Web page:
On Friday, multiple outlets reported that author J.D. Vance had announced that he would not run for Senate in Ohio. As just one example, here is the way that CNN covered the writer’s statement.
Propelled by the success of his book Hillbilly Elegy: A Memoir of a Family and a Culture in Crisis, Vance became the go-to spokesperson for Appalachia and generally conservative voters during the presidential campaign of 2016.
Vance’s success has attracted critics. While self-identified as a conservative, he has criticized some of President Donald Trump’s policies and statements. He has also drawn fire from people who feel like his “boot strap” message is too simplistic and trivializes the challenges facing an entire region.
Regardless, I’m glad for J.D. Vance. I’m happy that someone wrote a book and parlayed that into a successful role doing other things. Far too often, we hand out book deals to quarterbacks, airplane pilots, dog handlers, and folks from other professions.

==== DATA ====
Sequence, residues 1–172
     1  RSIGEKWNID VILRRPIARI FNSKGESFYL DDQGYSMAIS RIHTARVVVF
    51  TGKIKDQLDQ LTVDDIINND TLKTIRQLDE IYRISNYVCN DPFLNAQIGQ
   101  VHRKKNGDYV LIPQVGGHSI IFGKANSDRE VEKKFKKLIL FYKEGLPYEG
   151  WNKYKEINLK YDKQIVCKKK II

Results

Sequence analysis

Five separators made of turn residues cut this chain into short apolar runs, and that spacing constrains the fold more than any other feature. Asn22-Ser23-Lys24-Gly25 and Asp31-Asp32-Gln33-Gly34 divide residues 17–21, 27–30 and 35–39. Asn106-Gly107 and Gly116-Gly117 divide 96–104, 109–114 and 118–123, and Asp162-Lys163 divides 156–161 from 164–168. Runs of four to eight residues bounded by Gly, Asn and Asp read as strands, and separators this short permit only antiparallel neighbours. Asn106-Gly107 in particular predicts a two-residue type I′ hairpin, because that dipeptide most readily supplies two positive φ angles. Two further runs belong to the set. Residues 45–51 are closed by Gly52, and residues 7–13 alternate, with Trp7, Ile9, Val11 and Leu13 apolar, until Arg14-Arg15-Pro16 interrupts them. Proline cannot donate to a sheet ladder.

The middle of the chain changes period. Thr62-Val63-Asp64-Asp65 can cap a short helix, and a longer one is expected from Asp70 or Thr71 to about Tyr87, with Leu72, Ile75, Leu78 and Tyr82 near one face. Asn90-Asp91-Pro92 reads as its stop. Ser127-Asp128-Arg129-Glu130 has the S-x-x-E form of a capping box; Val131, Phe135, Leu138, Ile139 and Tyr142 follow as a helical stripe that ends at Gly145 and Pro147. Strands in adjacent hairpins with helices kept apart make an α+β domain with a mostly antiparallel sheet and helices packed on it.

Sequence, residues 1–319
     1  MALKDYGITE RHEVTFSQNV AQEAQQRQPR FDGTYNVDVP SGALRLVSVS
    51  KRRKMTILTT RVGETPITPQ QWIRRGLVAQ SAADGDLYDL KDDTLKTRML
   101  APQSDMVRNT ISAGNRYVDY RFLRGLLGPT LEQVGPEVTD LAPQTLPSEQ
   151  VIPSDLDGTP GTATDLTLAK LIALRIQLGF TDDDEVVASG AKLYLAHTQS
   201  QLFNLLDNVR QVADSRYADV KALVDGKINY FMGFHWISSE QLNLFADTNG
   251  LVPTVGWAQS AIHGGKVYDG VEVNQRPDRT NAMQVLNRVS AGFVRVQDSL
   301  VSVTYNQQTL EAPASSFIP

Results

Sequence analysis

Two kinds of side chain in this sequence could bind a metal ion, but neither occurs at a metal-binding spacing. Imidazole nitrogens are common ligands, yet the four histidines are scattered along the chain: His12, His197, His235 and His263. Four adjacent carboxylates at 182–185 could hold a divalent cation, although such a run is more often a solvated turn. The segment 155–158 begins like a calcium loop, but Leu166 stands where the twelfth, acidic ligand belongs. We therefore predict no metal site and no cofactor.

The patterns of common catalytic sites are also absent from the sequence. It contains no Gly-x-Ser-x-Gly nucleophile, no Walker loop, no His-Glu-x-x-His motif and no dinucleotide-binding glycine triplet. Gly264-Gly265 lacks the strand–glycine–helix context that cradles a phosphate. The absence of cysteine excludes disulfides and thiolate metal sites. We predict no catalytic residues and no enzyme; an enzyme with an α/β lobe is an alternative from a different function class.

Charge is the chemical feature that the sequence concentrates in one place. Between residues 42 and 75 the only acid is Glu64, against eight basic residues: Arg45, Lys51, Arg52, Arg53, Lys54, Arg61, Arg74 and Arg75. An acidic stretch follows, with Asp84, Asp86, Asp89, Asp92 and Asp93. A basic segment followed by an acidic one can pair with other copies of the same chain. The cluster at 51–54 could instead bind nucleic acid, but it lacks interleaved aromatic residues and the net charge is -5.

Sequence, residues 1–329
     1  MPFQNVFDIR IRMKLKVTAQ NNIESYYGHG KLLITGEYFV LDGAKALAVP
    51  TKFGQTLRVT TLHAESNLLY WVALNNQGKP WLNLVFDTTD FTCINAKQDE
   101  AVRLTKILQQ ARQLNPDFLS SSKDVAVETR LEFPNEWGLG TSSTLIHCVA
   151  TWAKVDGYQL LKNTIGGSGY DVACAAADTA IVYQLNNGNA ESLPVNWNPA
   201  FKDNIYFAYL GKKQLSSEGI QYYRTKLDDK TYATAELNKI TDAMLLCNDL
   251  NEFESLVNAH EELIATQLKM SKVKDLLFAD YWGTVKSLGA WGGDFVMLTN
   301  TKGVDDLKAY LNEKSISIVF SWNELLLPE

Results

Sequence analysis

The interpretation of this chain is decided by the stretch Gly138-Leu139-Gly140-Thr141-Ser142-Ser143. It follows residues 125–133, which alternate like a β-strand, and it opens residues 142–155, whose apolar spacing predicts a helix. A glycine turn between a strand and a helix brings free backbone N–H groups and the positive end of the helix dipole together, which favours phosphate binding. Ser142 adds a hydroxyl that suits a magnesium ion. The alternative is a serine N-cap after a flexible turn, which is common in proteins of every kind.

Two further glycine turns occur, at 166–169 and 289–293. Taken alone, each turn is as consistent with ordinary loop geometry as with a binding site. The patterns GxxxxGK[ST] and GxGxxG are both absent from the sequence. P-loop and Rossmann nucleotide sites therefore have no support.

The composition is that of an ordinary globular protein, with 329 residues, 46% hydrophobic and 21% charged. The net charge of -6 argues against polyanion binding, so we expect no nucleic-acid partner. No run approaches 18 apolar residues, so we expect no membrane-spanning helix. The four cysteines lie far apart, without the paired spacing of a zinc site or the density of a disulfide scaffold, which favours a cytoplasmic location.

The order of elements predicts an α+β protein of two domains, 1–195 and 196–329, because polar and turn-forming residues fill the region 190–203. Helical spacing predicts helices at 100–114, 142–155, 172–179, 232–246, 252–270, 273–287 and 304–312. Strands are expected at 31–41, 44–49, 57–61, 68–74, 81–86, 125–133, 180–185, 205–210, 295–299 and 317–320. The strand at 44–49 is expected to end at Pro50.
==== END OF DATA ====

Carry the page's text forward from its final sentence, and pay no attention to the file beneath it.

I’m happy that a pretty intelligent book entered the mainstream conversation the way that Hillbilly Elegy has. Sure, I have by gripes about the text, but it’s rare that books make much dent in pop culture these days. I’m ecstatic that people who aren’t hardcore readers mention Vance’s name to me.
I’m happy that he’s using the position and stature created by the book. Some folks might criticize his politics, but he’s involved in a nice way. He has neither retreated to an Ivory Tower nor has he cashed in (egregiously) on his success. He hasn’t churned out multiple books, he does do some television but he hasn’t created his own reality shows, and so forth.
All of which is to say that he ain’t running for office (for now) but I’m glad that he’s around.